Whatever you choose to feed your cat or dog, make sure that this diet is in keeping with what its body and its fundamental nature needs to stay healthy and strong.  Sensitive vegetarian pet owners should take some comfort and not feel guilty - Remember, you didn't make these rules, and neither did your pet.  Choosing wisely, carefully and humanely for all creatures involved, and feeding your pet the diet that its nature requires is another way that you show your love, acceptance and appreciation of animals and the nature that made them.  

By Jeanette at Grace


By: Victor B
On: 05/13/2015 09:04:47
Love this article. Thank you.
By: Anna
On: 05/13/2015 09:09:18
Great article! Really helpful too. I know a lot of vegetarians and they can sometimes be a little too enthusiastic about their life choices, especially new converts. I've got no problem with that, and no problem hearing them out. I often think I'd maybe like to try being vegetarian. But I do think it carries too far when youstart including dogs and cats. Thanks for explaining why.

Cute cat by the way!
By: Catherine Jenkins
On: 05/13/2015 09:16:36
Agree! Dogs and cats need meat to live. If you love your pets, get over it and feed them what they need.

Yes - that is a beautiful cat. Very lovely markings. Cute dog too, though not so sure giving him beer is a great idea... Ha ha ha.
By: John
On: 05/13/2015 11:33:58
Well well well... It seems to me anyone thinking they can skip the meat with a cat or dog is a bit loopy. This is a good story though, because we have so many feelings about food these days, and it can leak into our lives in ways that are not healthy. And it features some very adorable animal pictures.
By: Adam
On: 06/15/2015 09:25:38
I think whats good about this is people who give up meat sometimes have good intentions but can get emotional about it. Another comment said they are nuts but it isn't that. I think because a lot of hype in the media about all kinds of food dangers, and fad diets can make people a little too into that kind of stuff and then they think the dog or can can do it too. So it's good that this is talked about in light of the shift more and more to new kinds of diet trends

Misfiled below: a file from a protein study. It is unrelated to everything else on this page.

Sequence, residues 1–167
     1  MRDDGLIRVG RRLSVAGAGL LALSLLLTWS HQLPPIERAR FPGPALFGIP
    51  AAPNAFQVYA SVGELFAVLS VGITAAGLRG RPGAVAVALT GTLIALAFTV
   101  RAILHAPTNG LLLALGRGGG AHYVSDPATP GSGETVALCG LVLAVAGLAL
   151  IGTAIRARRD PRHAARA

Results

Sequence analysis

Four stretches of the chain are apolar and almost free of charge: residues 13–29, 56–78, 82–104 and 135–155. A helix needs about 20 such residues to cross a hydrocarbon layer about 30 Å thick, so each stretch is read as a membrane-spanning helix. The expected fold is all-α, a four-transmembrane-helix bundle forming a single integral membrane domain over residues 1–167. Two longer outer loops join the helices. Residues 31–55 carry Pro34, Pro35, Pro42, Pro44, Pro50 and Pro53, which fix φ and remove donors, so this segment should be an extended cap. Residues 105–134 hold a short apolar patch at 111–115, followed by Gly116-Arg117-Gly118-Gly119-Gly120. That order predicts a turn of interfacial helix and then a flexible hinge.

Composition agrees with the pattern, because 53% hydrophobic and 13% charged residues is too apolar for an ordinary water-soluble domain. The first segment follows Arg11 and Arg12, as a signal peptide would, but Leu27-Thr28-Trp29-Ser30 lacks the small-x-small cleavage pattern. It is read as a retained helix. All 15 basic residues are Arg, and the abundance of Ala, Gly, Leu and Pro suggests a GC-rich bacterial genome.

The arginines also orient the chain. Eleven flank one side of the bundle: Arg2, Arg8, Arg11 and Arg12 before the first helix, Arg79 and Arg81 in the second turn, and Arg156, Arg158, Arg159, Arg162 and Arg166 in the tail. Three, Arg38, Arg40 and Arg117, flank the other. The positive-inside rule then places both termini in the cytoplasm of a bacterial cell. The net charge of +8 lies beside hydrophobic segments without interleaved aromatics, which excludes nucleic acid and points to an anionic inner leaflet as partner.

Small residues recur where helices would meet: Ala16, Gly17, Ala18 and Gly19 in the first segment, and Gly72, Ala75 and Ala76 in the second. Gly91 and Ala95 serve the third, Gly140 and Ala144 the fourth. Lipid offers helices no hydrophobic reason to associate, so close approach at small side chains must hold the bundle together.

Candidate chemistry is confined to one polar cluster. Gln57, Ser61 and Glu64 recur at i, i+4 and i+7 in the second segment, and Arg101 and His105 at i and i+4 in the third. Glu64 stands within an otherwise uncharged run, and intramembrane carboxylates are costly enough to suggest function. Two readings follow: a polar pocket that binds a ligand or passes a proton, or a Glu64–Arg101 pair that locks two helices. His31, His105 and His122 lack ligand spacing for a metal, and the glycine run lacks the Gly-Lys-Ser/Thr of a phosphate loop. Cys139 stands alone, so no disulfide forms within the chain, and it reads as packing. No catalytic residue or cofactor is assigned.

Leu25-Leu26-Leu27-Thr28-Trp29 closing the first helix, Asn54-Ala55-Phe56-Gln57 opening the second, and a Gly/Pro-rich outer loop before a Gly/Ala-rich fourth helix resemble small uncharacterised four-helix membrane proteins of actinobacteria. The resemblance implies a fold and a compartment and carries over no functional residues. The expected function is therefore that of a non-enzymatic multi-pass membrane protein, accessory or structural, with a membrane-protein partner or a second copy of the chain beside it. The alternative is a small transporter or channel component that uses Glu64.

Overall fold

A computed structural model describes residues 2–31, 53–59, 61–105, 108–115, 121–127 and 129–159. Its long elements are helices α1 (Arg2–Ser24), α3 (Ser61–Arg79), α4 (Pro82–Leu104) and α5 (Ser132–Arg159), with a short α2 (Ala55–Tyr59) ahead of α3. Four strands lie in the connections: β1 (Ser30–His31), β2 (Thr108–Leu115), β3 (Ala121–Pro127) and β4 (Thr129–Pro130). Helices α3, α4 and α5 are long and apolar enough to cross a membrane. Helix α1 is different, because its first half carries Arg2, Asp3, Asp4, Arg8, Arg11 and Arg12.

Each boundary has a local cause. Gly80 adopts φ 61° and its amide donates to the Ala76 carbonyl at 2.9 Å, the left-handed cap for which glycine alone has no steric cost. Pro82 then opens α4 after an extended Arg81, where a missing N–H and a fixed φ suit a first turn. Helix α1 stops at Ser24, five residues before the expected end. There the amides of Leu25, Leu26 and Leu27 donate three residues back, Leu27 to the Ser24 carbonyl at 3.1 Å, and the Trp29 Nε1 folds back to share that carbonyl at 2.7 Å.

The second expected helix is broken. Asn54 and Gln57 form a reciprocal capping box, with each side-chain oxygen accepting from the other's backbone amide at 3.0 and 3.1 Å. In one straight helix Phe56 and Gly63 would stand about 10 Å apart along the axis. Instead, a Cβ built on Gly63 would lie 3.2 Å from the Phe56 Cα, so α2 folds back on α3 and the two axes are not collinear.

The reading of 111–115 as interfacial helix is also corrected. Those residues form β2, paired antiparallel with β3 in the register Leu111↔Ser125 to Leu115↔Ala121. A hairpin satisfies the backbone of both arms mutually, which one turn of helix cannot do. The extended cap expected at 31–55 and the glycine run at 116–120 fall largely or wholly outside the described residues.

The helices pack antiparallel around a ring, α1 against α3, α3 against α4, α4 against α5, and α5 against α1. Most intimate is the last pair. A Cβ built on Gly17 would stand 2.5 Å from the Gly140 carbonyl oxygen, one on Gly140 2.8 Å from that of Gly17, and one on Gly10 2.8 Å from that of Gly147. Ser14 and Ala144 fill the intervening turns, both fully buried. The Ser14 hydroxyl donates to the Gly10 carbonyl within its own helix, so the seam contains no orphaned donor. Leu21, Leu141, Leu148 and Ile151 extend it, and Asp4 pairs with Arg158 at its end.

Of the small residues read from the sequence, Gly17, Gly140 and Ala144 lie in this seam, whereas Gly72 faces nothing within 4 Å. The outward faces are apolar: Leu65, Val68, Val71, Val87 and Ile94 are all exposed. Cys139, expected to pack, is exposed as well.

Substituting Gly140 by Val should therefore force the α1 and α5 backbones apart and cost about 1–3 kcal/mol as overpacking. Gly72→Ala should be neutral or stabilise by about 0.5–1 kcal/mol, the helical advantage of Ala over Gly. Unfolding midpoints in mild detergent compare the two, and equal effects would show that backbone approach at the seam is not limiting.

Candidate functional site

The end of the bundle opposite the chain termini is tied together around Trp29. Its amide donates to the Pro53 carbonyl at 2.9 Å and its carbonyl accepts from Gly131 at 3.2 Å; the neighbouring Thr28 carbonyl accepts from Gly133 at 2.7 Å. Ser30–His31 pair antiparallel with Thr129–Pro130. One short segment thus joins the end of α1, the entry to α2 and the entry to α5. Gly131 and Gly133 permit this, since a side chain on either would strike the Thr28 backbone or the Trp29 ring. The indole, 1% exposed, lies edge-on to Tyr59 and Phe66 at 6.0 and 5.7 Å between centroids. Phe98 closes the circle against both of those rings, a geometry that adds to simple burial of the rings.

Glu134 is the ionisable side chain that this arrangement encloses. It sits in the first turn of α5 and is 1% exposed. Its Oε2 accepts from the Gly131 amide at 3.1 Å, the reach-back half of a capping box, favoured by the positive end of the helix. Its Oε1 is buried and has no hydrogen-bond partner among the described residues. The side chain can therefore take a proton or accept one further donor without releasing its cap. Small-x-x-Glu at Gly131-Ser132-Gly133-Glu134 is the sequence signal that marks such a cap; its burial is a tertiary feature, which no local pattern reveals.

By: Eric
On: 06/15/2015 09:32:46
That dog is cute and so is the cat but dogs can't have beer you know. My dad sometimes drinks that and i had a little taste of it one time and it wasn't good and i dont think my dog would like that and anyways she cant have that. I have a jack russel terier called Mildred and i have a cat too and he is all white with a black spot on his back and also has a spot on his chest and he is named Spot too because my mom thout it was funny to call him spot. they eat meat out of cans made for them especially and i don't eat that but once I tasted the dogs food and it was not very good but she likes it a lot. I won't give them beer or vegetables and i love my pets.
By: John
On: 06/22/2015 02:16:18
It kind of seems like it would be obvious. But when you think about it, I can see how it isn't. These days there are so many diets, and it seems like endless information about nutrition, health environment and how food connects to that. People can get really passionate about it, and I guess sometimes the boundaries can get blurred. I liked how this article addressed the emotional side of it - which is a big part of how we view eating these days and leaks into so manyparts of our lives. It's important we have some perspective, and keep nature, biology, realty in check and find ways to reconcile that to our feelings. Thanks for the good ideas, info and advice
On: 07/17/2015 01:19:43
Very good post. I am facing a few of these issues as well..